More than 1,000 independent schools will have just two days' warning, rather than six to eight weeks, before an Ofsted inspection, under new plans.
The best independent schools will receive less attention from Ofsted
The schools watchdog for England also plans to visit the schools every three years, rather than every six.
Ofsted inspects schools which do not belong to recognised independent school associations - these are inspected by the Independent Schools Inspectorate.
The plans, now out for consultation, would come into force in January 2007.
They are aimed at bringing the 1,300 independent schools falling under Ofsted's remit closer into line with the new regime for inspecting state schools.
'Reduce the burden'
The best independent schools will receive less attention, while those which are told to improve will receive more.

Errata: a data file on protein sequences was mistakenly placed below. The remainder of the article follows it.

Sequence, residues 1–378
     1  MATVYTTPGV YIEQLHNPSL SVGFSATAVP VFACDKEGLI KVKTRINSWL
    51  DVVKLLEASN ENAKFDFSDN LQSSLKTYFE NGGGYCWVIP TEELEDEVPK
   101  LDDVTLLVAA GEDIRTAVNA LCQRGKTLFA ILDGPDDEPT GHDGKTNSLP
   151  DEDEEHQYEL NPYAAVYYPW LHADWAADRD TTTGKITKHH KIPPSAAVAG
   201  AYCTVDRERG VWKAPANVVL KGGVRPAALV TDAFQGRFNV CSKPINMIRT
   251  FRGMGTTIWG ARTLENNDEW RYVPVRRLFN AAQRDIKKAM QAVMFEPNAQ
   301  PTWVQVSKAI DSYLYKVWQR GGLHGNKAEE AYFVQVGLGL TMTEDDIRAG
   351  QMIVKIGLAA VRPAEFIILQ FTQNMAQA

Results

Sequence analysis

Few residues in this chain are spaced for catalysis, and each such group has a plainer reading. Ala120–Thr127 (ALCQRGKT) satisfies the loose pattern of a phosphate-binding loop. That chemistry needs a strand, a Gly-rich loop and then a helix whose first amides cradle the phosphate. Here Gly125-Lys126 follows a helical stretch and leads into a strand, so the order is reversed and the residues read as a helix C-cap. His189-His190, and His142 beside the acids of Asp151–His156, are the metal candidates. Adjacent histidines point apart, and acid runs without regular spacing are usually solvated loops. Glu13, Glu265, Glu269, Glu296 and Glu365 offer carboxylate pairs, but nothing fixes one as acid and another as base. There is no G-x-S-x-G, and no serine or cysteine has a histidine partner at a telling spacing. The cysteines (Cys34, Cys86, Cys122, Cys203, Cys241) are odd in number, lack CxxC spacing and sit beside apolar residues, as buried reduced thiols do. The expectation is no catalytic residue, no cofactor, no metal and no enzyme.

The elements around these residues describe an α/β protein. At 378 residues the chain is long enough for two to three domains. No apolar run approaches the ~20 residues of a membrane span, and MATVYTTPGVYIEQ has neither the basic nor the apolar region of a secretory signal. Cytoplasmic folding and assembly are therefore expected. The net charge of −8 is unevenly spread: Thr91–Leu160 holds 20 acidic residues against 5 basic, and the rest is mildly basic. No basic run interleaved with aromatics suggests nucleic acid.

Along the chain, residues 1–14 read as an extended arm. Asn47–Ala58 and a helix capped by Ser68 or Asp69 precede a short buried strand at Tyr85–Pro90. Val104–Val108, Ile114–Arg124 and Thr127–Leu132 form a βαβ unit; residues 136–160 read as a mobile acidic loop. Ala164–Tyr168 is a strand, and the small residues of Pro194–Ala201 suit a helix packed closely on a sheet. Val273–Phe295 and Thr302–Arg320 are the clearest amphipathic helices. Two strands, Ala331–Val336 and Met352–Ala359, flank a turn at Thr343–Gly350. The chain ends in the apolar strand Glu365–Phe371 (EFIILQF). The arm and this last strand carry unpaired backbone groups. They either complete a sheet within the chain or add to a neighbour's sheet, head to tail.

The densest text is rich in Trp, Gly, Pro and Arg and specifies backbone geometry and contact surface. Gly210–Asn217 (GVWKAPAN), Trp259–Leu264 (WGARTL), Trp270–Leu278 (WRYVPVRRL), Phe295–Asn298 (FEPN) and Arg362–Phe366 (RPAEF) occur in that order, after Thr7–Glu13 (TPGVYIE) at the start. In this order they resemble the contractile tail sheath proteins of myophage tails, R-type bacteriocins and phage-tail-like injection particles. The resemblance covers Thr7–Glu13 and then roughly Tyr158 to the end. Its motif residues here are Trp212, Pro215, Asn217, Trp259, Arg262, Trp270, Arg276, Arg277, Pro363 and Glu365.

Ofsted's director of education, Miriam Rosen said cutting the notice period would help reduce the "burden" of inspections on schools
She said: "The proposed new inspection arrangements for non-association independent schools will be more efficient, have a greater impact on improvement, and incorporate schools' own self-evaluation into the inspection process.
"Whilst maintaining the rigour of the current arrangements, lighter touch inspections will reduce the burden of inspections on the most successful schools and enable us to focus our resources on schools which are failing to meet the regulations and therefore letting down their pupils."
Ofsted said pilots of the new system, which involves independent special schools, Steiner schools and primary and secondary schools, have been successful.
Avondale School in Salisbury, Wiltshire, received a pilot inspection in June.
Its head teacher, Richard McNeall, said: "We found that the new-style inspection was far more helpful in sharpening our focus and the self-evaluation form was helpful as a tool for evaluation and development.
"The inspectors were supportive, discreet and helpful, and the short notice reduced the feeling of stress ahead of inspection."